Box 13, Folder 21, Document 78

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Box 13, Folder 21, Document 78

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STE an eee



Vol. 48, No. 8

Emory Universit

The Jaundiced Ei yes


Dykes High School is located in northwest
Atlanta at the corner of Powers Ferry and Jett
Roads across from Chastain Park. The fact of
its location is insignificant as is the fact of its
existence except that the institution serves to
provide needed educational facilities to the im-
mediate surrounding area.

What is significant is the fact that few Ne-
groes attend the school. Of course the reason for
this is that very few Negroes live in the neigh-
borhood serviced by Dykes. Thus the important
point is that very few Negroes live on the north-
side of Atlanta—in the social area known to
readers of the hate sheet, the Northside News,

Now it is not suggested that any person should
particularly want to live in that area or to
partake of its so-called benefits: debutantes,
snobbery and other pleasantries. But it is a
very beautiful neighborhood with rolling lawns,
large estates, much green and, thanks to fine
influence with the city, well-paved streets. In
fact, the best possible in city services, in school,
in all the things that go to make for gracious
living are provided to the needy residents living
there. Need a telephone installed, be right out,
none of this crap about party-lines. Garbage
collected regularly and streets, even the most
out of the way ones, cleaned with little delay.

Yes, on the northside lives the wealth of At-
Janta. The decision makers are there—the pres-
idents of the companies, the senior partners of
the law firms, the doctors who claim that status
brought by Piedmont Hospital. This is “Driving
Club” land. And there are no Negroes. Read the
social pages of the Atlanta newspapers: no Ne-
groes ever have parties, get married, or give
birth to children. In fact none of this goes on
anywhere but the northside—if one trusts these

Meanwhile the Biltmore Hotel was the host
last week to the annual meeting of the Southern
Regional Council. At the banquet last Thursday

the people mixed—colored and white, gentile and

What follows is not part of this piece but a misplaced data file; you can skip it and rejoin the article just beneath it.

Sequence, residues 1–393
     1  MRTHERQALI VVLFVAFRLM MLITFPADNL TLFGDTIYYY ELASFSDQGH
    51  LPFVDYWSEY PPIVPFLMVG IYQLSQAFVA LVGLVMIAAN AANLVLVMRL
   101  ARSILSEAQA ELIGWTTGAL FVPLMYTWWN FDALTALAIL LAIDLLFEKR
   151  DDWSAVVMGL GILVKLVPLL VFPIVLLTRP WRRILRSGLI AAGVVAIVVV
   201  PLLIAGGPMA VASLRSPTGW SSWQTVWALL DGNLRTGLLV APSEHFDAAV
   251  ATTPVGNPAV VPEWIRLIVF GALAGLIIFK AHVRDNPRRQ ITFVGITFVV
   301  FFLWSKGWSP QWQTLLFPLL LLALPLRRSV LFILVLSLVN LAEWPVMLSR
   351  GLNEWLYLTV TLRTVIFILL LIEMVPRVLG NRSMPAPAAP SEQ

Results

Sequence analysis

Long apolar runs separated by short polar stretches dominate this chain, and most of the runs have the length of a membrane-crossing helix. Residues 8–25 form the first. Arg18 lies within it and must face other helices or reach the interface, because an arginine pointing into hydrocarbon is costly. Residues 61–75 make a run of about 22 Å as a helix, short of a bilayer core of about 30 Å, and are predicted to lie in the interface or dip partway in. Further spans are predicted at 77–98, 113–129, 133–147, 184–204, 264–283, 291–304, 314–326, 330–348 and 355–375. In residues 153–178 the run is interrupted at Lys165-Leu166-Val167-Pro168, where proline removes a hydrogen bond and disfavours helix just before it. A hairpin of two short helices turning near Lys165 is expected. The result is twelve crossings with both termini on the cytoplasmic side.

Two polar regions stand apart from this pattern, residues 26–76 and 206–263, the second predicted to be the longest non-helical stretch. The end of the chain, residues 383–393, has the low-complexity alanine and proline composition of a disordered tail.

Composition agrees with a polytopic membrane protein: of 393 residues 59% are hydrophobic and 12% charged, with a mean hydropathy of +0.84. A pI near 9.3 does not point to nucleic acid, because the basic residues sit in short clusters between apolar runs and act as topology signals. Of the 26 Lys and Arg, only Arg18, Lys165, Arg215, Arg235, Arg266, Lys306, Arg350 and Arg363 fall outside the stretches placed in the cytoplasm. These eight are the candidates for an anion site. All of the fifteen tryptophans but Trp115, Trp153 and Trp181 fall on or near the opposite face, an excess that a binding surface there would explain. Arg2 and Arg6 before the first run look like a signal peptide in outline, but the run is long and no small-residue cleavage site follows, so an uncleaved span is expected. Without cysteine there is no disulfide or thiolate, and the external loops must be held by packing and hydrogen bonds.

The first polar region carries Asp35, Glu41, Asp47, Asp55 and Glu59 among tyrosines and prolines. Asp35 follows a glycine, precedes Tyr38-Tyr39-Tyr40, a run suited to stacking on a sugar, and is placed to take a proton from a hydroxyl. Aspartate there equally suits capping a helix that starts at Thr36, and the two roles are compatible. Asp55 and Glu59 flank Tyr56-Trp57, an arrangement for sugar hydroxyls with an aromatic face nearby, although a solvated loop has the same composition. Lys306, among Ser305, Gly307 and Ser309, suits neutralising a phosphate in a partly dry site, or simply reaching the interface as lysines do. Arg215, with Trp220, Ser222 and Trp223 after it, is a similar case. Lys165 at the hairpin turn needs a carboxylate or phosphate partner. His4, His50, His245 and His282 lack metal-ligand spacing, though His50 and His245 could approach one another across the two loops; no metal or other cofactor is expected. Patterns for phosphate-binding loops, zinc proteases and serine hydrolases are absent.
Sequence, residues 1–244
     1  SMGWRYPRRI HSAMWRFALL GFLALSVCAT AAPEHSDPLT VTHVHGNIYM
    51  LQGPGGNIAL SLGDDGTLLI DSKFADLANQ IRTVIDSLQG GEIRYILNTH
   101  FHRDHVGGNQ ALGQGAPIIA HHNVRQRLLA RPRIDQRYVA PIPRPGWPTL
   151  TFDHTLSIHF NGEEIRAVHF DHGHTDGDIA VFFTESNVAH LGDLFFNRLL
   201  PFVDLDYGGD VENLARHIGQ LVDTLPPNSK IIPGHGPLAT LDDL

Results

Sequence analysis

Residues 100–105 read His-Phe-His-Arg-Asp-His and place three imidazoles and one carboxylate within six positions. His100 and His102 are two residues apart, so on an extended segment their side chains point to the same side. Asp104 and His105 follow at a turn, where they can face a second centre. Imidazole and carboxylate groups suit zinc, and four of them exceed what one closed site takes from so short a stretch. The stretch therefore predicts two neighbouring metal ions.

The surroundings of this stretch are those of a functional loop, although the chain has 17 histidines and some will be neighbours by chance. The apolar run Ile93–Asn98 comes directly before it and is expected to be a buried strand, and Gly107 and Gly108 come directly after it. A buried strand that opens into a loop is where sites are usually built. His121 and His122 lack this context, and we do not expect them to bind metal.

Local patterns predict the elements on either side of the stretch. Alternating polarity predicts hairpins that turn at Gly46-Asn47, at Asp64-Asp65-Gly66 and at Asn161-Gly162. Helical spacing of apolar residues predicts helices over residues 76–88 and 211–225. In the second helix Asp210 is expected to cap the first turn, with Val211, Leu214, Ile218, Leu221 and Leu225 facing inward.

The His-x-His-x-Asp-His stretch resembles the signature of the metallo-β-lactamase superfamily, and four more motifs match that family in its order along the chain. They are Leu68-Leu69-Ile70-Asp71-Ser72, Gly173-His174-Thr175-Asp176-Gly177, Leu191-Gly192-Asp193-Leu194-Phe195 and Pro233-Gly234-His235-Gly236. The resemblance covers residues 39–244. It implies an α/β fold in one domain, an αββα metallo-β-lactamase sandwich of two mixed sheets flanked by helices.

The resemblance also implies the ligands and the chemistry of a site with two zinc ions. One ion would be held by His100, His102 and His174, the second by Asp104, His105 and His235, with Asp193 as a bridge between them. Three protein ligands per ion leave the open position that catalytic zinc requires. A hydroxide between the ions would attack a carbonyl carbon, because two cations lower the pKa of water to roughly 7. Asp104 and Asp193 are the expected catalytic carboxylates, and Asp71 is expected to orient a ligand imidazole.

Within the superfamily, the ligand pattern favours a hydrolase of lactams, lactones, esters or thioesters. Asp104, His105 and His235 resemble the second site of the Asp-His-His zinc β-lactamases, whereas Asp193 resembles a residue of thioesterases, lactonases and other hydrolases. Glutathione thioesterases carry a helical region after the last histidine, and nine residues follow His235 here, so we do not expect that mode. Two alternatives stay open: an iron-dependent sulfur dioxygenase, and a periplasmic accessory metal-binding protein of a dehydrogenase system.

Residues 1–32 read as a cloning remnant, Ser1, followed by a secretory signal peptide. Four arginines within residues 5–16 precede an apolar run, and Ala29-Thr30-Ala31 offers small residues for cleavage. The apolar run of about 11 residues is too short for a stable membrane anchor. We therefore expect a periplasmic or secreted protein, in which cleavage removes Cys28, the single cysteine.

Jew. There were northsiders there. Several weeks
earlier the Regency Hotel was the site of the
annual meeting of the Southern Christian Lead-
ership Conference. Sidney Poitier, Mrs. Rosa
Parks, and Dr. Martin Luther King lead the

dignitaries. Mayor Allen was among them. And |

there were many northsiders there.

These annual meetings are important for two
reasons. They indicate that there are those
among the leadership of Atlanta who do not
hold the normal views of the northside. These

are: the people who have been instrumental in
eit esd the policies and programs that have

en Atlanta the progy essive image that it has
“ 4 pas and who ses > elect id or seen to. to the elec- —

Poitier, It. Z. King
Attend SKC Meeting

tion of the proper persons to carry out the
policies and programs.

The annual meetings also would indicate that
the organizations sponsoring the meetings exist.
The fact that the SRC and the SCLC still exis*
is a comment on our time. It is not that they
should have been wiped out by waves of South-
ern bigotry, but that there is still a need for
their continuation.

The comment is this: 1) it has been 12 years
since 1954 and the Brown decision; 2) it has
been over 100 years since the end of the revolt
of the Southern states; 3) it has been almost
200 years since these words were written—
‘We hold these truths to be self evident: that
all men are created equal... .”

The facts are these: in Atlanta, schools are
still segregated in fact; Negroes must live in
one particular section of town; no major law
firm has yet to hire a Negro lawyer; no major
company has hired Negro executives, the jobs
left open to Negroes are menial and low paying
for the most part; no social club will accept
Negroes as members; Negro neighborhoods are
on the bottom in city services and assistance
provided by private companies; schools in these
neighborhoods are the oldest and most crowded;
in the slums landlords and loan sharks prey
upon the ignorance created by white bigotry
and do so unregulated by the law; for the most
part pure racism governs the sale of houses
and the rental of apartments in the better areas
of Atlanta preventing a Negro’s moving there
even if he wanted to and on and on and on.

Perhaps this situation makes the point more
clearly: in the Commerce Building, home of the
organization that developed and stands for “For-
ward Atlanta”—the Atlanta Chamber of Com-
merce, is located the Commerce Club to which
no Negro is welcome as a guest or member, not
even the Assistant Secretary of Commerce.

Atlanta has begun to take the faltering steps
to treat all its citizens as the minimum demand-
ed by human decency—as human beings. Yet be-
fore the smugness settles too deeply in these
homes on the northside where not much is seen

beyond the country club, these people, who see
the resolution of the problems of Detroit and Los
Angeles and New York and Atlanta as better
police protection, should recognize what lip ser-
vice to progress really means. It means nothing.
And too much depends on immediate action to
be satisfied with it.

The change that will come will not come over-
night, but as one Southerner, Judge Wisdom of
the Fifth Cireuit Court of Appeals, —
in the Jefferson County case:

The clock has ticked the last tick for
and delay in the name of “deliberate sp sed”.


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